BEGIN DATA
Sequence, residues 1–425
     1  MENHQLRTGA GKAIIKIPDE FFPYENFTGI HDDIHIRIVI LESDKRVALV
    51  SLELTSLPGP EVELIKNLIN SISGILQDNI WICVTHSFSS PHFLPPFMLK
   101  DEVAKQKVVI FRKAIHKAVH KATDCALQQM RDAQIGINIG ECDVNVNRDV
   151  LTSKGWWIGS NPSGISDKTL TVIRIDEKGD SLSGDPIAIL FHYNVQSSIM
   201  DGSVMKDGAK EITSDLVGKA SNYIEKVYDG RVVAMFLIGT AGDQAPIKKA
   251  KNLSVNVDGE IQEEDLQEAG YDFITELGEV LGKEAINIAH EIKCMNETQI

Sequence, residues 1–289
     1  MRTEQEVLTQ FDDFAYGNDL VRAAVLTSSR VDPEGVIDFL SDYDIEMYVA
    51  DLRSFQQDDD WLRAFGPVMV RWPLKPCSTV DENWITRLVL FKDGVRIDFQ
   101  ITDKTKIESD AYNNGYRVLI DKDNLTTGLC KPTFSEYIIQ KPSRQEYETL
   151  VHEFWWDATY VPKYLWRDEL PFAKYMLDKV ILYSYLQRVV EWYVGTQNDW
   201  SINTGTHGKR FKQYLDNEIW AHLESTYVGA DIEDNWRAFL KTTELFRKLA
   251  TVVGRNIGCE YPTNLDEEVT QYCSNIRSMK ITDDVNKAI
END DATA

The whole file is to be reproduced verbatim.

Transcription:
Sequence, residues 1–425
     1  MENHQLRTGA GKAIIKIPDE FFPYENFTGI HDDIHIRIVI LESDKRVALV
    51  SLELTSLPGP EVELIKNLIN SISGILQDNI WICVTHSFSS PHFLPPFMLK
   101  DEVAKQKVVI FRKAIHKAVH KATDCALQQM RDAQIGINIG ECDVNVNRDV
   151  LTSKGWWIGS NPSGISDKTL TVIRIDEKGD SLSGDPIAIL FHYNVQSSIM
   201  DGSVMKDGAK EITSDLVGKA SNYIEKVYDG RVVAMFLIGT AGDQAPIKKA
   251  KNLSVNVDGE IQEEDLQEAG YDFITELGEV LGKEAINIAH EIKCMNETQI

Sequence, residues 1–289
     1  MRTEQEVLTQ FDDFAYGNDL VRAAVLTSSR VDPEGVIDFL SDYDIEMYVA
    51  DLRSFQQDDD WLRAFGPVMV RWPLKPCSTV DENWITRLVL FKDGVRIDFQ
   101  ITDKTKIESD AYNNGYRVLI DKDNLTTGLC KPTFSEYIIQ KPSRQEYETL
   151  VHEFWWDATY VPKYLWRDEL PFAKYMLDKV ILYSYLQRVV EWYVGTQNDW
   201  SINTGTHGKR FKQYLDNEIW AHLESTYVGA DIEDNWRAFL KTTELFRKLA
   251  TVVGRNIGCE YPTNLDEEVT QYCSNIRSMK ITDDVNKAI